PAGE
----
Now it is possible to observe how in different human beings there is an altogether different relationship of their psychicspiritual to their bodily element. For example, one may find in some patient that he is suffering from an intensified dream life. This indicates that his psychic-spiritual nature is too much separated from his physical body, and does not live sufficiently in the physical body. Perhaps the patient will at the same time have a tendency to peripheric inflammations or to obesity. Such symptoms can be observed in the most varied illnesses. Now in external nature it is a substance like phosphorus which has the characteristic of binding the imponderable elements firmly to itself. So also in its effect on man — it tends to bring his psychic-spiritual element more closely into union with his physical bodily nature.

The opposite conditions are found when the psychic-spiritual takes hold of the physical-bodily element too strongly — which will appear, for example, in certain disturbances of the secretory and excretory functions. We know how the secretions of various glands, and other excretory processes, are assisted by the formation of ideas having some connexion with the particular function. For example, the secretion of saliva is stimulated by the idea of rating, and similar things are true of the secretion of urine, of semen, and so forth. Thus, the gland functions when forces are abstracted or taken away from it in the form of ideas — in ideation. It is then that the gland secretes — i.e. separates out products of decomposition of secretions. Before the secretion began it was just the fact that the psychic-spiritual force was not being taken away which prevented the decomposition and secretion. There was, in effect, more force at the disposal of the gland for its maintenance and constructive processes. When the force is drawn off in psychic-spiritual activity, then the gland begins to secrete.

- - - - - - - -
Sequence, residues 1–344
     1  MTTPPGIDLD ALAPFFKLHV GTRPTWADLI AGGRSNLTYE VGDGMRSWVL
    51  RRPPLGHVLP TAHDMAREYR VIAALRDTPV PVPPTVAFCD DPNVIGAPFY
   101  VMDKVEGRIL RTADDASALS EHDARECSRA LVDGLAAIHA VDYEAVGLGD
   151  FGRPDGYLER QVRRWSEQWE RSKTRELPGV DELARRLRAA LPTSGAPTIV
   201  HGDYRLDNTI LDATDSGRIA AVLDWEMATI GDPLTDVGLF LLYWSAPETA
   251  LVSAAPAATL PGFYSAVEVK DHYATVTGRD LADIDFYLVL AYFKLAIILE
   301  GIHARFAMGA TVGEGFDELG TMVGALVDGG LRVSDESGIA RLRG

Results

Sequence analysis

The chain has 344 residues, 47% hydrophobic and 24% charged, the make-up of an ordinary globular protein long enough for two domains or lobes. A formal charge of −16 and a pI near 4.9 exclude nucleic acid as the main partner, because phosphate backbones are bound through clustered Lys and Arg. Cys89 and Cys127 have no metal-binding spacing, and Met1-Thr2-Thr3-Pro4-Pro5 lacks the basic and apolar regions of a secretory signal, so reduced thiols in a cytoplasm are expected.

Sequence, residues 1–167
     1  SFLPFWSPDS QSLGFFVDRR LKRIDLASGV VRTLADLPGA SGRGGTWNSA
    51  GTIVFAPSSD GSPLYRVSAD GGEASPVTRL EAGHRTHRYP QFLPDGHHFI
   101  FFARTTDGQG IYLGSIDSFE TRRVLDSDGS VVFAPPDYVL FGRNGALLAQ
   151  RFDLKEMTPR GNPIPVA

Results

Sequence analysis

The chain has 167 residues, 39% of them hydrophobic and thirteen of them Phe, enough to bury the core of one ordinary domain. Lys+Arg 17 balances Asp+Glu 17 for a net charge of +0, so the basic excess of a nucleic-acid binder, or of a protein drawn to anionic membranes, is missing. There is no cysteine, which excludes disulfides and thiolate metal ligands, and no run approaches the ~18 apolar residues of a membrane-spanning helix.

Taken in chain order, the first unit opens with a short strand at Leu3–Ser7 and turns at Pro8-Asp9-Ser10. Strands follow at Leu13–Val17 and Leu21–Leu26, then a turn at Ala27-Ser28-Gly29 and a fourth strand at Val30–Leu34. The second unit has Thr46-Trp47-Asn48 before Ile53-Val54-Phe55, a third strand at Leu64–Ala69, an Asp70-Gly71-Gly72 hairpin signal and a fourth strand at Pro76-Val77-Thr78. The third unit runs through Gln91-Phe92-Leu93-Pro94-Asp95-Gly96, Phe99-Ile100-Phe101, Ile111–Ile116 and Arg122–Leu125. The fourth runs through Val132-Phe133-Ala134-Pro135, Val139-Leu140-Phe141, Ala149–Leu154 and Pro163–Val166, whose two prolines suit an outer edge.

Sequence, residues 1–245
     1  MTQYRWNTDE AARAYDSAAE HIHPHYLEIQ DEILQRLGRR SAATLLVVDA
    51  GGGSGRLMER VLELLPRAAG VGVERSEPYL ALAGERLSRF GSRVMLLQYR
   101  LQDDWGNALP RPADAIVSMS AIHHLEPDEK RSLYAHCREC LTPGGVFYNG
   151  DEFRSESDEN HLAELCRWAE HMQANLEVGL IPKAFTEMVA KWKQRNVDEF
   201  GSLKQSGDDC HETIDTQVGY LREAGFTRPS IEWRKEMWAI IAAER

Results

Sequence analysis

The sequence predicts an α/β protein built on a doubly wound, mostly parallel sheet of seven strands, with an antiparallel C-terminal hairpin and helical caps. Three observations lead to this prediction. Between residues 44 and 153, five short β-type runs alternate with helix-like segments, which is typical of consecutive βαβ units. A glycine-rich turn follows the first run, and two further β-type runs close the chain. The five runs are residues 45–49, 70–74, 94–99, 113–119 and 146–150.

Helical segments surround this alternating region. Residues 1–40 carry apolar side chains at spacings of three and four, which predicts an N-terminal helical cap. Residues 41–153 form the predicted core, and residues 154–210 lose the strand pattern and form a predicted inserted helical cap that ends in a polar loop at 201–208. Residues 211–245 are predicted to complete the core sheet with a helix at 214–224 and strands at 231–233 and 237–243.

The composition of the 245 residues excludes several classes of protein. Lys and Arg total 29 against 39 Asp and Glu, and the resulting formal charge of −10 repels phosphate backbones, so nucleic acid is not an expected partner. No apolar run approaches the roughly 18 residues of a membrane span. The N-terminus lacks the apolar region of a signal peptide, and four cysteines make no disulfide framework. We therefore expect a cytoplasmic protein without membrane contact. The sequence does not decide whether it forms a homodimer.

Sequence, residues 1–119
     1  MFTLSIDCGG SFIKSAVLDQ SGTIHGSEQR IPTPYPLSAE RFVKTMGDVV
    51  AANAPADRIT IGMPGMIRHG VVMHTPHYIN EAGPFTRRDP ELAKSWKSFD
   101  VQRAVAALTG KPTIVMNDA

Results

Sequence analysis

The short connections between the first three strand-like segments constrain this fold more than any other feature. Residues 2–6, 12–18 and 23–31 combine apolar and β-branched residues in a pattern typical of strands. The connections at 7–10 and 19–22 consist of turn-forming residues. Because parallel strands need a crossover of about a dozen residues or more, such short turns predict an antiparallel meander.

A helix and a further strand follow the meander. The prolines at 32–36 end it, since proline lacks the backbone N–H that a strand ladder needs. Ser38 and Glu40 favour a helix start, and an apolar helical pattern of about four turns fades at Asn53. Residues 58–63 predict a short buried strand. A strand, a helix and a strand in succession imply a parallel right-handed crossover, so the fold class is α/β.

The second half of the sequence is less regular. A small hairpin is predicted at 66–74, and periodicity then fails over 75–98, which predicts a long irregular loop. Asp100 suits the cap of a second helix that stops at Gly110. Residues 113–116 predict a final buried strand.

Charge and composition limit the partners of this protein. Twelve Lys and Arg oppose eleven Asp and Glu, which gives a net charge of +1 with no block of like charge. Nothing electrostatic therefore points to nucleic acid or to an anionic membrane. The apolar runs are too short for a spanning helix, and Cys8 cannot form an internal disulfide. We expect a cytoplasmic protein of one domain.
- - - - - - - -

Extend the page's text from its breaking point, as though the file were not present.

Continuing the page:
Thus, if there are disturbances in the secretory and excretory processes it indicates that the psychic-spiritual is too strongly bound up with the physical, Now, in Nature we find the saltlike substances with a tendency to throw out all the imponderabilia. And in this very property we may seek for a healing effect on man's organism, tending to repress the excessive influence of his psychic-spiritual on his physical-bodily element. Salt-like substances will thus be applicable as medicines in many illnesses of the lower body which depend on a preponderating influence of the psychic-spiritual organization over the activities of the lower man.

And in metallic substances we have something which can effect a balance, an equilibration, between those activities to which the phosphorous substances are applicable, and those to which salt-like substances are applicable. Through similar considerations we can also recognize the kind of effect which individual metals will have on specific illnesses and morbid processes. By their peculiar behaviour and property in Nature, we Learn to perceive their kinship with definite processes in the human organism.

Here we have only been able to illustrate, by a few instances, the many indications that were given in the course. By consideration of a large number of illnesses, and of medicaments from the mineral, plant, and animal kingdoms, a multitude of relationships were revealed — relationships which exist between external Nature and the human organism, and which can be used for therapeutic effects hitherto unknown and unapplied. Where modern medicine fails almost entirely — namely, in the case of morbid growths (more especially, cancerous growths), and in mental and psychical illnesses — there one was led to hope, after listening to Rudolf Steiner's explanations, that results, undreamt of before, might be attained by a development of therapeutics in the direction which he indicated.

In psychical illnesses, Dr. Steiner pointed out how changes in the brain are really only a secondary effect, and are always preceded by morbid processes in other organs — morbid processes which are approachable by physical means of healing. It is just the so-called mental illnesses which can least of all be healed by purely psychical methods, to which physical methods are especially applicable. Only one must first know the forces inherent in physical medicaments, in the kingdoms of Nature. The tragedy of materialism lies in its inability to recognize the real nature of the material. It lacks the power of a mode of thought that touches spiritual reality — the power to perceive the world of matter in its relation to the organism of man.